Originally published November 2013

Ron Higgins had never left a press box during a football game in his 20 years of reporting. This time, though, he knew he had no choice.

Craig Zeigler, a tight end for Ole Miss, lay on the football field, his leg broken in two spots and twisted in a grotesque position after being leg-whipped by a Vanderbilt player. Teammate Eli Manning said later he could not look at his friend.

Zeigler, Higgins knew, was a beloved teammate who had worked through numerous injuries to earn his starting spot. So after the senior was carted from Vaught-Hemingway Stadium, Higgins walked out of the press box, headed to Baptist Hospital North Mississippi, spoke with Zeigler and his father before the surgery, and wrote a column that prompted Vanderbilt’s chancellor to call in praise and the Football Writers Association of America to award first place in a national competition.

“Think outside the box,” Higgins told students at the College Media Advisers national journalism conference in New Orleans. “Think differently. Columns are not just about good writing.”

Higgins, a long-time columnist for the Memphis Commercial-Appeal, offered students ways to improve their own sports columns. He joined the Times-Picayune staff in September as lead SEC columnist.

Like a good columnist, Higgins brought students to places they normally can’t go and offered advice, tips in his session.

Here are some of the other tips and suggestions he offered for writing sports columns.

  • Be real. If you are funny, let the humor come through. But don’t force it. Be who you are. Write a column, he said, like you’re sitting in a bar and talking to someone after the game. “If you can do that,” Higgins said, “that’s when you’ve found your style.”
  • Don’t over-write. Don’t make anything bigger, or worse, than its true actuality. For example, don’t treat a regular, mid-season game as if it were the most important ever. “Be real with the game,” he said. “You can’t fool readers. Don’t candy coat a game a team should’ve won.” Plus, avoid cliches and jargon, instead relying on a style that all readers can understand, even casual or non-fans.
  • Don’t be a one-trick pony. In other words, don’t always be negative or fawning or attacking. Don’t be predictable. Like a pitcher, vary your pitches. Said Higgins: “Don’t get in a rut where you’re writing the same thing all the time.”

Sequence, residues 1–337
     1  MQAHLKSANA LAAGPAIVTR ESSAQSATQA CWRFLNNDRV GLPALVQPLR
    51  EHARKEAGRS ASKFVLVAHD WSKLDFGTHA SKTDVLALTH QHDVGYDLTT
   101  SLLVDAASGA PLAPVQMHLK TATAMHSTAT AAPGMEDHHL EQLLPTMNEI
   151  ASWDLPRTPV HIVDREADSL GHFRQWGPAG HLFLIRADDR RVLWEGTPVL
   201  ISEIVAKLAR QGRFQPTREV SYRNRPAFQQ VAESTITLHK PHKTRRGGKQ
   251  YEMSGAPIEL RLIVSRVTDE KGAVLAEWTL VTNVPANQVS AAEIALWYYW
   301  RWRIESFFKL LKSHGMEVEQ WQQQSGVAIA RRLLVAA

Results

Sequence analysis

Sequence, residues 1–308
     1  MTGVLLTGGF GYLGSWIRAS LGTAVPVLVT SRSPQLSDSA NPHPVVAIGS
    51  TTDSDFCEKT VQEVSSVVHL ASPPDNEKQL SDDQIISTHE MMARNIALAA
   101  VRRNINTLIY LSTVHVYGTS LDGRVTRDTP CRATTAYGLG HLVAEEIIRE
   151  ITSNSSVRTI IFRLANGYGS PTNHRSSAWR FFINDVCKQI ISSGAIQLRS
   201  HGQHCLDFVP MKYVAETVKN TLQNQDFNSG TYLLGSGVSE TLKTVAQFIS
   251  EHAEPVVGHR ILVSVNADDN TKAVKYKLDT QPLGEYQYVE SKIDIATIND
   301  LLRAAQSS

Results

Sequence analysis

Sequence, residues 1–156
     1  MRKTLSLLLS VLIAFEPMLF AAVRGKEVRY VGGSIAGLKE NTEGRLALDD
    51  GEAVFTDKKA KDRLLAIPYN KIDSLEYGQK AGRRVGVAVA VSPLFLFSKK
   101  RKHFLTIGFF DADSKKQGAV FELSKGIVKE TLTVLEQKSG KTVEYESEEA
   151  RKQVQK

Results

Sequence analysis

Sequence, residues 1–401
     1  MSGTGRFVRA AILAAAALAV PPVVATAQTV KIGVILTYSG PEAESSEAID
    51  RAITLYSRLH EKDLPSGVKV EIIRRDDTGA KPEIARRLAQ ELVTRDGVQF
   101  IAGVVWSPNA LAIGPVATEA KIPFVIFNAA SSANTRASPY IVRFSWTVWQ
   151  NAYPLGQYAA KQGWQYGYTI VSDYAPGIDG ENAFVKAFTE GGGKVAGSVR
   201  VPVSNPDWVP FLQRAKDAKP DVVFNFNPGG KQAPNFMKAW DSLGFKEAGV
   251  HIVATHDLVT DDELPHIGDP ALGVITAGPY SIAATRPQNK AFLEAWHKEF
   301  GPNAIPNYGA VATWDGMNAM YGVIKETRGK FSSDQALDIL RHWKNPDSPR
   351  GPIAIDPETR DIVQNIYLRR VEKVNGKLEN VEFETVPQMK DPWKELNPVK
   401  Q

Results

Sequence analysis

• If you criticize, do your homework. Like a lawyer, build your case. Learn everything you can about a team, player, issue or subject before you lambaste. Get quotes, facts and other details that help support your arguments.
  • Be super-observant. Look for things that most others would ordinarily not consider. For example, Higgins once noticed an Alabama basketball player had written “I Love My Girls’ on his sneakers. After the game, the Bama player revealed he was referencing his sneakers, or ‘girls,’ not any kids.
  • Take readers to places they can’t go. Bring them to a dressing room after an emotional win, the sidelines during a tense game, or into the home of a player or coach. Guide them through areas inaccessible to most fans.
  • Be a team player. Ask colleagues what they are going to write about so you do not steal their angles. And, if you have breaking news, feed that info to the beat writer. “Remember, you’re all in this together,” Higgins said. A beat writer’s job is difficult enough.
  • You are not the story. Focus on the story itself. Said Higgins: “I’m just the guy who writes the story.”
  • Be accountable. If you criticize a player or coach, make sure to attend the next media opportunity, whether that is a game, press conference, etc., in order to talk with them. Let them vent, if necessary. “That’s how you earn respect from the people you cover,” Higgins said. “You don’t dodge and you don’t hide.”
  • Understand your responsibility. So don’t cite rumors, act ethically, be empathetic, don’t be overtly offensive, don’t make light of tragedies and personal challenges and always double-check facts – otherwise you’ll lose readers’ respect.